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Old 11-08-2018, 03:56 PM   #11
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My great, great, great, great, great, great, great, great grandfather fought in the Revolutionary War.



Sometime around 1610-1650 was when my ancestors got off the boat.


So, not native, but been hear a long, long time.
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Old 11-08-2018, 03:59 PM   #12
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What, no "None of the above"?
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Old 11-08-2018, 04:06 PM   #13
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I think I'd have to go back five or six generations to find immigrants. My ancestry is English, German, Dutch, and probably some other European countries thrown in but I've never researched it.
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Old 11-08-2018, 04:29 PM   #14
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I am an immigrant with a Swiss (paternal side) and French (maternal side) ancestry.
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Old 11-08-2018, 04:39 PM   #15
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Paternal grandparents were Swiss/German (Great Grandfather owned a casino in Germany, destroyed by ally bombing), Maternal Great Great Grandparents probably came over on the Mayflower?
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Old 11-08-2018, 04:44 PM   #16
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Maternal grandfather came over from Wales in 1928 when he was 10. Other grandparents were born here. Most of my great-grandparents came from various places in Europe in the late 1800's to early 1900's. So, I guess we really haven't been here all that long in the big scheme of history.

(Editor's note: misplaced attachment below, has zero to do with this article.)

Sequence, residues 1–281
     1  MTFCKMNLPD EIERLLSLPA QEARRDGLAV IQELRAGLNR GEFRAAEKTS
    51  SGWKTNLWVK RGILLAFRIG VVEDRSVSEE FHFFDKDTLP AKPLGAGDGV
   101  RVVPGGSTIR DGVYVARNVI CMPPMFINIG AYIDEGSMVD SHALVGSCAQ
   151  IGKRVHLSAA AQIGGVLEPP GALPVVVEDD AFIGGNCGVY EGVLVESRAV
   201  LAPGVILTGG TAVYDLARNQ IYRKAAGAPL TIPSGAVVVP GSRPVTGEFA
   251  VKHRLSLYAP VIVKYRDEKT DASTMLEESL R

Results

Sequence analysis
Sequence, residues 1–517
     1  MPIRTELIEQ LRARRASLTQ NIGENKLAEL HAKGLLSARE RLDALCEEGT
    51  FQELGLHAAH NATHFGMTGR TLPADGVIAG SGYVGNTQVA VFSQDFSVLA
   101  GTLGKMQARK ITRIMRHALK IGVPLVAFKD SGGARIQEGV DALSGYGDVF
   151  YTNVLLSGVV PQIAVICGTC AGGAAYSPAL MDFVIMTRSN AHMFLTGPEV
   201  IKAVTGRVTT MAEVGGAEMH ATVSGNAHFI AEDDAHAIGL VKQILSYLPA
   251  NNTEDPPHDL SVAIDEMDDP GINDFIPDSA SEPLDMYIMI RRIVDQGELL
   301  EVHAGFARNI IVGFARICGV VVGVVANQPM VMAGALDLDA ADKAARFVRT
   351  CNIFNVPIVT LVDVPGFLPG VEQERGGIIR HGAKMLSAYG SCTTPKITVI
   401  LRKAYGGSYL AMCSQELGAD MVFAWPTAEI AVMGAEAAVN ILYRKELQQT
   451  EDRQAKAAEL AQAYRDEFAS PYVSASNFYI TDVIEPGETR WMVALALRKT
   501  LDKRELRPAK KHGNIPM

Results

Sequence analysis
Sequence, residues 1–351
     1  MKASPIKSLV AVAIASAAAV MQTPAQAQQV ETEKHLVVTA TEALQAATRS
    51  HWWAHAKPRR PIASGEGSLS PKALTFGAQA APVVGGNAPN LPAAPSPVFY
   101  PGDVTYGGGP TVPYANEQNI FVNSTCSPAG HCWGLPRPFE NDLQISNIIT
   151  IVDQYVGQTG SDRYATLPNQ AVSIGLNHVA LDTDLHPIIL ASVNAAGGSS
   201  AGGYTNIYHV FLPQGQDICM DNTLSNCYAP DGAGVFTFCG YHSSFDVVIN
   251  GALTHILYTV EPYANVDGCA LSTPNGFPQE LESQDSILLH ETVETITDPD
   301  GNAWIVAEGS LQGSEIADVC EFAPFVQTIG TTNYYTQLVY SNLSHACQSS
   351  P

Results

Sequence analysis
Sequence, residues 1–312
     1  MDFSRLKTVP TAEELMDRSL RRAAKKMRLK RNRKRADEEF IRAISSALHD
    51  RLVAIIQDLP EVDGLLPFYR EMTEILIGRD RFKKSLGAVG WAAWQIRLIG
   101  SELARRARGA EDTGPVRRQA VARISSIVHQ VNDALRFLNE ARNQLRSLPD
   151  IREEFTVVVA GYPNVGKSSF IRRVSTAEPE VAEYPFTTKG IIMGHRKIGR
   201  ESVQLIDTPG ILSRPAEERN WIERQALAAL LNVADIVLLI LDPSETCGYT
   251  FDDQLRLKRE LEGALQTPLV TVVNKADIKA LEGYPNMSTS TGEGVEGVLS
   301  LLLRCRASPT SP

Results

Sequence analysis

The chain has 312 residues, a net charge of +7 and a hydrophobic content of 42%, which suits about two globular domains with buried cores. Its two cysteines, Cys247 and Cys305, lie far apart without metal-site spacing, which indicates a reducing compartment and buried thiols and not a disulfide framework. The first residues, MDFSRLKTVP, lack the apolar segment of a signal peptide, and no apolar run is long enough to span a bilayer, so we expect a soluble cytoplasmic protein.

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Old 11-08-2018, 05:16 PM   #17
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All four of my grandparents were immigrants. My paternal grandparents arrived from Germany as a married couple in 1904. My maternal grandparents came from Greece separately. Grandfather arrived alone in 1905 and grandmother in 1907, sponsored by her older brother who met her ship in NYC. Her brother worked with grandfather and introduced them as he was anxious to have her married and off his hands. They married after meeting just a handful of times.
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Old 11-08-2018, 05:19 PM   #18
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An immigrant and a citizen.
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Old 11-08-2018, 05:20 PM   #19
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Some of my ancestors (great-grandparents, etc.) were immigrants through Ellis Island from Czechloslovakia (formerly from Russia) circa 1918, one grandfather was part Cherokee Indian, and at lease one was Irish.
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Old 11-08-2018, 06:05 PM   #20
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Basically all the early immigrant groups were represented:

One was a puritan who came over on the Winthrop fleet in 1630. He helped found Watertown Mass. I recently saw his name on the town founders monument.

One was a quaker who came over in 1684 and bought his land from William Penn.

Another came to New York with Peter Styvesant.

On the other side of the family we had a Scots Irishman who settled in Virginia.

The last immigrants in our family fled the Rhineland around the time the Franco Prussian war started - the first battle of that war (Saarlouis in 1870) was in their home town.

So mostly English, a bit Dutch and Scots Irish, and a smidge German.

My wife is pure Scots Irish - her ancestors were all in the appalachian mountains before the revolution.